Two officer deaths in county in last century
Staff Reports, Hartselle Enquirer
On average, one law enforcement officer is killed in America every 53 hours. It's a frightening statistic and one officers and their families struggle with daily.
Since the first recorded slaying of a law enforcement officer in 1792, more than 16,000 law enforcement officers have lost their lives. According to the National Law Enforcement Memorial, 401 of those have been Alabamians. Two of the deaths were in Morgan County.
The most recent death involved Deputy Sheriff Charles William Biles, 64, of the Morgan County Sheriff's Department. Biles died May 23, 1985 after he was shot with a semi-automatic rifle while checking on a suspicious vehicle near Brewer High School. The driver of the car shot Biles, who returned fire as the suspect fled in the car. The deputy's gunfire hit the car's gas tank and the suspect ran out of gas and was apprehended. The shooter later hung himself in the Morgan County Jail.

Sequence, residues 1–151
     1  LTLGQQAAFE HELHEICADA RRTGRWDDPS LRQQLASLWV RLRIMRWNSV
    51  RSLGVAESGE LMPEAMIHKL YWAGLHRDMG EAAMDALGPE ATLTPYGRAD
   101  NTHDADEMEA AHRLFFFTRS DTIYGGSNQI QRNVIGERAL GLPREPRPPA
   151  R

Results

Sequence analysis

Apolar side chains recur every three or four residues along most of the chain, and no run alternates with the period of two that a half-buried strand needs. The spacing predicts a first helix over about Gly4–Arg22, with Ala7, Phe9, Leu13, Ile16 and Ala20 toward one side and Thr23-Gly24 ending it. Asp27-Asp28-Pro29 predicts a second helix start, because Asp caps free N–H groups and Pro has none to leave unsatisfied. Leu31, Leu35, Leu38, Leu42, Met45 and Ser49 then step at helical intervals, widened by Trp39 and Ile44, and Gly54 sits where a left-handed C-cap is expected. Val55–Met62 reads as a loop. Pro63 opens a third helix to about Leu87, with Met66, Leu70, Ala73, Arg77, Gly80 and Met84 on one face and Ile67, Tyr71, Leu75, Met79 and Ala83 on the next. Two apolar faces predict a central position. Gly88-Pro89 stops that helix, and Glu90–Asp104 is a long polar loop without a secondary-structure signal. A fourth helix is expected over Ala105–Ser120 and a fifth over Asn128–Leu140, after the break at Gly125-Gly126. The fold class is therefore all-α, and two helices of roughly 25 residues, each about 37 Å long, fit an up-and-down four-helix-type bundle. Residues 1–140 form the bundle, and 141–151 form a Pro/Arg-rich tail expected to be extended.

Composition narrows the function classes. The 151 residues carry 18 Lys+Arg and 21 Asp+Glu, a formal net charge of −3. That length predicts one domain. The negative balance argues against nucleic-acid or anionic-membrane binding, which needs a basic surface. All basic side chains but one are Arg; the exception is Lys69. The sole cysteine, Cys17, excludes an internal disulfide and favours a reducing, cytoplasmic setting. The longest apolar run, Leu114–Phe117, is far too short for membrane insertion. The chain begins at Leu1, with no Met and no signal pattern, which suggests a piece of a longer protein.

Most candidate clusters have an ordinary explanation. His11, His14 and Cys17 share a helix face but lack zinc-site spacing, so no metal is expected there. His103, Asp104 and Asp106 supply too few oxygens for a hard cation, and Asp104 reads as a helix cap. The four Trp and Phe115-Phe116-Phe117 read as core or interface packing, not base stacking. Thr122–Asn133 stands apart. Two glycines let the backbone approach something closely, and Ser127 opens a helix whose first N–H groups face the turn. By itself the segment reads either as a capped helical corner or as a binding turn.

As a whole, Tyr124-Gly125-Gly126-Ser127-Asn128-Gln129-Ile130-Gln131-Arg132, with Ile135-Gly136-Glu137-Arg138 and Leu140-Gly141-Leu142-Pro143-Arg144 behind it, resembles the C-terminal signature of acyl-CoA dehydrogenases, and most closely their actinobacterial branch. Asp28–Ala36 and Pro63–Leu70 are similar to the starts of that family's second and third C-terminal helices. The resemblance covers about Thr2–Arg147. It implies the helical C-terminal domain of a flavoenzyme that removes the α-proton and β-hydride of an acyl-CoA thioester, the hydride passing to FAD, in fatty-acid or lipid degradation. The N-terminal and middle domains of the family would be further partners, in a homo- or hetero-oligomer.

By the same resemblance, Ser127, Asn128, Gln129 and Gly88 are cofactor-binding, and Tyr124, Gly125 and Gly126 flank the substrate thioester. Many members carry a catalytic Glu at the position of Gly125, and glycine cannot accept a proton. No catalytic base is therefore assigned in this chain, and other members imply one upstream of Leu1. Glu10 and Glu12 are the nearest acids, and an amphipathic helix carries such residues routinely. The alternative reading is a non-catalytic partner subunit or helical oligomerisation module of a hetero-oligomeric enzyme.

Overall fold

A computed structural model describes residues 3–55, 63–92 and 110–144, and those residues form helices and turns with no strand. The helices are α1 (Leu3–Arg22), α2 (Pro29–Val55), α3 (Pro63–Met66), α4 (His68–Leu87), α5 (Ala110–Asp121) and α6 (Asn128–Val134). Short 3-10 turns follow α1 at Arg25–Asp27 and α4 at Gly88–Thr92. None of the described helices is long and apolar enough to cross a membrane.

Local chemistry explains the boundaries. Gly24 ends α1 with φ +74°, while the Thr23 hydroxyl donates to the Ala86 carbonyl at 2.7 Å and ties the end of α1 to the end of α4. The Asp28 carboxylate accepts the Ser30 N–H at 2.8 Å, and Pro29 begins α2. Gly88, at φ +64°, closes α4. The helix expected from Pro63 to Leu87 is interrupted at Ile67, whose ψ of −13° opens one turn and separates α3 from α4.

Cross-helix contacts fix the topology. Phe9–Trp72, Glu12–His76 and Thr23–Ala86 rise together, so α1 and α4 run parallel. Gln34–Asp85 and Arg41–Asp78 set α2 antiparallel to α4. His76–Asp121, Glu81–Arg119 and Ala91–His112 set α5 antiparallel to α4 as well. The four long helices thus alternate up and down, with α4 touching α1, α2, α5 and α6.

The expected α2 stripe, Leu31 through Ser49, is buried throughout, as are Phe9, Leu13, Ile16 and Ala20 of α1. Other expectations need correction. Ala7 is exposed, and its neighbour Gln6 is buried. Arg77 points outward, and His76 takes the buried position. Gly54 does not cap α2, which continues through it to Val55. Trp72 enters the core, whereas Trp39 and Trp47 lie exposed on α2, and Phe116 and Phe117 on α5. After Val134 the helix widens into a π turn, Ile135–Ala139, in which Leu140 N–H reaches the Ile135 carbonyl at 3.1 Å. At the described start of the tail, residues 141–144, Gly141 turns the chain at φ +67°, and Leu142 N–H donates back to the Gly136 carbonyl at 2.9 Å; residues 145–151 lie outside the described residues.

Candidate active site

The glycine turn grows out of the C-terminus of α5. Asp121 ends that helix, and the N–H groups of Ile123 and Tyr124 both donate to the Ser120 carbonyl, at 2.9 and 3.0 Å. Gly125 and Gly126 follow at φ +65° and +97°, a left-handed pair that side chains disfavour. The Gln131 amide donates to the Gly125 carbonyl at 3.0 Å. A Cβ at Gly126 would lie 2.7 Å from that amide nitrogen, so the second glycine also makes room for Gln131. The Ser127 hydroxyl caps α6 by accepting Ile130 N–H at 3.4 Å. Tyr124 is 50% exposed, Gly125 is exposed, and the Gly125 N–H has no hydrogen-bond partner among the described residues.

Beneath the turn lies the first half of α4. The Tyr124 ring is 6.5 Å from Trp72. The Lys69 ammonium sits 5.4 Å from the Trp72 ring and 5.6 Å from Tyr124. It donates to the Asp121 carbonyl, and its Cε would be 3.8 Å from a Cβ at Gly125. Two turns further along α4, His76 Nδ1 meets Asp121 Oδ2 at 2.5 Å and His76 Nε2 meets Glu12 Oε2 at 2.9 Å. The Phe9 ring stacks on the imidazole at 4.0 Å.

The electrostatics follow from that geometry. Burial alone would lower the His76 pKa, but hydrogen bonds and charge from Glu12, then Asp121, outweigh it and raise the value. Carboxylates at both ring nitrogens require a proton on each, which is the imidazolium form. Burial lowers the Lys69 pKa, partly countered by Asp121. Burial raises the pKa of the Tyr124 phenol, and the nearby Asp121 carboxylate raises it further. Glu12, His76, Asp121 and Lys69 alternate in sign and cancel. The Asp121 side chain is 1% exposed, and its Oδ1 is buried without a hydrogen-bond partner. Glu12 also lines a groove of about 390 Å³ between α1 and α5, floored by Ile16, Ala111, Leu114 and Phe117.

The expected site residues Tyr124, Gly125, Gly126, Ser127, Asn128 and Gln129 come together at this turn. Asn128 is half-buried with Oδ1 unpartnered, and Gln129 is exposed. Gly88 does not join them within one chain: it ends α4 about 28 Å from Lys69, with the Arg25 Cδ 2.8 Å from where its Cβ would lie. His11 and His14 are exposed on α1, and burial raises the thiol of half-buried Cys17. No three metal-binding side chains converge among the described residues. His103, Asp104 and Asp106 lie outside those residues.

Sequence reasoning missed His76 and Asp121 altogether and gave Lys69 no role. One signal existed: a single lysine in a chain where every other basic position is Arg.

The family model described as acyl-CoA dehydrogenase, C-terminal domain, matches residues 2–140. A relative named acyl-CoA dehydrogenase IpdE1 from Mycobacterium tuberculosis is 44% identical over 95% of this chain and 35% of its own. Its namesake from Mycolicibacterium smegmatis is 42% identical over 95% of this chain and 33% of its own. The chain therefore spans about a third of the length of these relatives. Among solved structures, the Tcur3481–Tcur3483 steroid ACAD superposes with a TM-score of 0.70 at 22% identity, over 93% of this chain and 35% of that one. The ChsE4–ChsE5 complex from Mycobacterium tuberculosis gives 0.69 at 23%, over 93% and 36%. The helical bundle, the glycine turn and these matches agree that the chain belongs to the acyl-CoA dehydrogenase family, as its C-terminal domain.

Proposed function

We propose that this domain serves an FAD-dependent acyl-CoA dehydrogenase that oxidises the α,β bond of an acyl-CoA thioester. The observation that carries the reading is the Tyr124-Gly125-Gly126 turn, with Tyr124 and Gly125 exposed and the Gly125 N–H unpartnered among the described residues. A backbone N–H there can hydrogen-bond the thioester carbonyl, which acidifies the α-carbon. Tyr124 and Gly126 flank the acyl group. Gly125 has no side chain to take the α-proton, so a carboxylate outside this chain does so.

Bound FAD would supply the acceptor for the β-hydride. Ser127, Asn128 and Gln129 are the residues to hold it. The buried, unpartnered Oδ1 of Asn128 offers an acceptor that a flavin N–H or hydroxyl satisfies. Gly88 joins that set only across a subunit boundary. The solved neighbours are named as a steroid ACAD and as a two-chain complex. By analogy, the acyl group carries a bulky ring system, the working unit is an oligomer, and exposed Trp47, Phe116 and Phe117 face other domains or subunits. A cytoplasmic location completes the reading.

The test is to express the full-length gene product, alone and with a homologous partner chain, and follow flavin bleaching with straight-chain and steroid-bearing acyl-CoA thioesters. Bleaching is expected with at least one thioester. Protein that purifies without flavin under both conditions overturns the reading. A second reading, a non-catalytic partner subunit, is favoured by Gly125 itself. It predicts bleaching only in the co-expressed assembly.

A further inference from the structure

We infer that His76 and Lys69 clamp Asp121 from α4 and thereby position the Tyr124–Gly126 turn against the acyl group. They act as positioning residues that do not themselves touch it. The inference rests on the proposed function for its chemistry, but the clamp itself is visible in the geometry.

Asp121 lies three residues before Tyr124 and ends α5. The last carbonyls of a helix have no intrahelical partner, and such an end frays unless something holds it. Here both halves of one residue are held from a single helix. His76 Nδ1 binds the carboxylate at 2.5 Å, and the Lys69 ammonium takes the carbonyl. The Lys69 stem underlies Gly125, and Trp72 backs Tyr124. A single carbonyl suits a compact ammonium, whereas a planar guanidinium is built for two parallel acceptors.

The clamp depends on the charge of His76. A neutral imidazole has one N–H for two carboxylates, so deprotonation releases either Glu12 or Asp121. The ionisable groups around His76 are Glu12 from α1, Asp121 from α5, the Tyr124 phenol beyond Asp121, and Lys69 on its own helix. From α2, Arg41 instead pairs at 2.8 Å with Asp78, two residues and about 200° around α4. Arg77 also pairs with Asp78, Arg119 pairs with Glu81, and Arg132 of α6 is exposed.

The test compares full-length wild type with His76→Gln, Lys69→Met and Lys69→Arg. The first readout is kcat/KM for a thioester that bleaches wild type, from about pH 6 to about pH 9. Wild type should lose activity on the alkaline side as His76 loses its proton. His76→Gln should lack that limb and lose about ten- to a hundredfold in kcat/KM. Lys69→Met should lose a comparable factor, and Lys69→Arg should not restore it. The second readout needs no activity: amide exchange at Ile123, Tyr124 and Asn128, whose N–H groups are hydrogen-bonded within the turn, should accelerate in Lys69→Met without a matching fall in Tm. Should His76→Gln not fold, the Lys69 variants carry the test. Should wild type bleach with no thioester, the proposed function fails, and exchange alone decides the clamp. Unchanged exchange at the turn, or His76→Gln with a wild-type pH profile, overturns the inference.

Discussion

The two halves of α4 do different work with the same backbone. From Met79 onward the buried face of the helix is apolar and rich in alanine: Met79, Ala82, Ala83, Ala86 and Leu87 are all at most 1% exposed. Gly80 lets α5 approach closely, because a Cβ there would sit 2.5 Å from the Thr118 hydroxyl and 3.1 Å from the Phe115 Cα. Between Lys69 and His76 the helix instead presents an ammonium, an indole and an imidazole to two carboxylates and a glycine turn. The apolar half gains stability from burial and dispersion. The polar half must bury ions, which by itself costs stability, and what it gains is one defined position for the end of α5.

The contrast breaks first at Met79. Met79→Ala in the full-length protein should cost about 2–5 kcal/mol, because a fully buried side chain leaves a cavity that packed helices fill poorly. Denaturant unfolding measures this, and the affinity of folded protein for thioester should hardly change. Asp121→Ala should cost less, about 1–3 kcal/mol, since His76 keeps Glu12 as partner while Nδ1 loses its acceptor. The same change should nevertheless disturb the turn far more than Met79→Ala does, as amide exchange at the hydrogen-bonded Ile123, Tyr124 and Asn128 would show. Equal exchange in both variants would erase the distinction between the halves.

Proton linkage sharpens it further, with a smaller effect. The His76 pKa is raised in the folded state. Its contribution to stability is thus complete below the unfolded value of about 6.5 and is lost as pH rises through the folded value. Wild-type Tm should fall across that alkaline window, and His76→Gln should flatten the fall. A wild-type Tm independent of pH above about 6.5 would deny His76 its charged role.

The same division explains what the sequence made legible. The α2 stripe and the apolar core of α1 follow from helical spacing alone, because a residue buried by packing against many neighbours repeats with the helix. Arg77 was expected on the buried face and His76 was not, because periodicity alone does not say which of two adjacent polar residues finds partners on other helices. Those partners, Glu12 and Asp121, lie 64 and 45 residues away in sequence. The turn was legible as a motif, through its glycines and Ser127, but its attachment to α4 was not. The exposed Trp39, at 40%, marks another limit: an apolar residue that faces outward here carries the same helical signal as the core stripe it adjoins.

The other law enforcement officer death dates back to Sept. 10, 1927, when Deputy Sheriff Burns Almon, 39, died from wounds he received during a raid in Decatur. Almon was shot while he was chasing a fleeing suspect, who fell to the ground and opened fire on the officer.
The greatest cause of deaths for law enforcement officers is gunfire. Fifty-seven officers were shot and killed in 2002. The second leading cause of officer death is auto accidents, accounting for 44 deaths in 2002.